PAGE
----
Modern Sci-Fi Has Forgotten What Made The Genre Great

By Jonathan Klotz | Published

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Ask 100 people for the definition of science fiction, and you’ll get 100 different answers, all of which can be perfectly valid. From the moment Mary Shelley got bored at Lord Byron’s party and created Frankenstein, the genre was used to find new ways to talk about the problems of the day while, at the same time, it was utilized to imagine the world of tomorrow. More than any other genre, science fiction represents the state of the world today, which is why different periods reflect hope and optimism, and others, like today, tend to imagine all the ways we’ll destroy each other.

Modern science fiction, television, and movies have leaned too heavily into the angst and despair of modern society while forgetting that when done right, the genre can act as a guiding light for our future. It’s possible to both reflect today’s socio-political climate while having some fun at the same time.

Show Us What Life Could Be

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Science fiction was first coined in the 1950s, but Isaac Asimov best described it in his 1975 essay, “How Easy to See the Future,” with his quote: “Science fiction can be defined as that branch of literature which deals with the reaction of human beings to changes in science and technology.” For example, the atomic bombs dropping on Japan led to the creation of Godzilla, while the economic boom of the 80s inspired the cyberpunk sub-genre.

But the greatest reaction to changes in society and technology came from Gene Roddenberry and, surprisingly, bankrolled by Lucille Ball, with the launch of Star Trek: The Original Series. For all of his faults, Roddenberry’s utopian vision of the future was what the world needed during the turbulent 60s; even if television ratings didn’t reflect it, the ideas and themes of this new series seeped into the public consciousness and slowly but surely, helped make us all better people.

We Don’t Need More Shows About The Class Struggle

The adventures of the Starship Enterprise inspired a generation, just as Star Wars did a decade later, and even before those two titans of science fiction, Buck Rodgers In The 25th Century was a staple of radio and film serials. That’s not to say any of these franchises had a dark edge to them; they most definitely did, but they were presented as grand adventures throughout the galaxy. None of the hope and optimism that started the science fiction boom in America can be found in today’s film and television.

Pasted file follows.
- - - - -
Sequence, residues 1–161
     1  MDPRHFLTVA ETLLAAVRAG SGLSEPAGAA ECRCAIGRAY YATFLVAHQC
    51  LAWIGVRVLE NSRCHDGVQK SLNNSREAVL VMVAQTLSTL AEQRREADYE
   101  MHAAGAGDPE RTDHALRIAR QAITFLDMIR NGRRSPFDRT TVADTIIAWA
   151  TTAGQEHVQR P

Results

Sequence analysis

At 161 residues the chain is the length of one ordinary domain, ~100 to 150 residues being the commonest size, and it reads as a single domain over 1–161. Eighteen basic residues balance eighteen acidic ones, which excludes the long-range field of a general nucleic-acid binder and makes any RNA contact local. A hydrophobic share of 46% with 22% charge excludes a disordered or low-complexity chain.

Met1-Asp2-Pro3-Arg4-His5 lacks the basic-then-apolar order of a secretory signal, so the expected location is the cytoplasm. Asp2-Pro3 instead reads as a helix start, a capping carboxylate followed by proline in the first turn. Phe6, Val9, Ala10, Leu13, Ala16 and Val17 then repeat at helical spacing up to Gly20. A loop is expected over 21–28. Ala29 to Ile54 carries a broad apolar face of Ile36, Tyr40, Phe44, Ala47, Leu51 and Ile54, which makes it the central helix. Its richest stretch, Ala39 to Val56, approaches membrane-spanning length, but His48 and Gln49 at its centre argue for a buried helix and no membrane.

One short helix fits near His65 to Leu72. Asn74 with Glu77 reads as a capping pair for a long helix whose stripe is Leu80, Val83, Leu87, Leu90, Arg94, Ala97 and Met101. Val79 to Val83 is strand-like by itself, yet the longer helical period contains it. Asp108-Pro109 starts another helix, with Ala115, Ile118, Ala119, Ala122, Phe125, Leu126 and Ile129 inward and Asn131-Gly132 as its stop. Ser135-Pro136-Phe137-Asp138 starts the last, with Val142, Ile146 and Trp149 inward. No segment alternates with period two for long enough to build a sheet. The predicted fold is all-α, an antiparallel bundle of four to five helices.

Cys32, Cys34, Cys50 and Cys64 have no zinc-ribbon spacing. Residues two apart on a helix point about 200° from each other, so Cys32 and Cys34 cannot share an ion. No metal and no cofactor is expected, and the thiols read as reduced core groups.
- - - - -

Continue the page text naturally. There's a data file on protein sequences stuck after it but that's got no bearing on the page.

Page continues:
Modern Star Wars comes close, but it’s drowned out by projects like Snowpiercer, Annihilation, Interstellar, 3 Body Problem, The Expanse, Silo, and many more.

Lost Destroyed Science Fiction On Television

That’s not even counting what happened to science fiction on network television after Lost made the mystery box format so popular, as those are more focused on keeping viewers hooked like addicts for the next hit than they are on reflecting modern society. Though not to get all old man yells at Cloud, that does sound like the influence of social media sapping our brains.

This is why today, perhaps more than ever, we need science fiction to stop reflecting on what we already know about our attention-starved, narcissistic tendencies and instead show us what we can do better.

Science Fiction Must Defy Gravity

the orville

Amazingly, Seth MacFarlane’s series The Orville comes closest, and that’s mostly because he’s living out the dream of everyone who grew up watching Star Trek. The Martian with Matt Damon is another great example of people coming together to solve a problem that shows the power of science.

We don’t need another series about the ethics of artificial intelligence (The Creator) or surviving the apocalypse (Silo); we need another hero. There’s more than enough doom and gloom in our lives today thanks to social media, so something has to cut through that noise, and of course, that’s easier said than done.

Science fiction media throughout history has had to break the gravity of societal expectations before it becomes great; that’s part of why classics become classics. They go against modern society.

What Once Was Good Is Now Evil Is A Played Out Message

Star Wars: The Acolyte, which will allegedly show the Jedi as the villains, would, at one point, have been running against modern society, except that these days, established religions, institutions, businesses, and even government are all already painted as the villains (and often, for good reason.) Today, a series that shows the good guys as good guys and bad guys as bad guys (or even, hear me out, has nothing to do with a good/evil conflict) would be revolutionary.

Science Fiction Can Give Us Hope

Star Trek Enterprise model

There’s a reason modern science fiction series struggle to keep going or catch on in the first place: They refuse to shoot for the moon and defy gravity. There are no risks, no sense of adventure, and worse, there’s no hope or optimism that someday things will get better. Reflecting on our darkness is all good; one of my favorite shows, Battlestar Galactica, did that exceptionally well, but it’s not enough, and we all deserve more.

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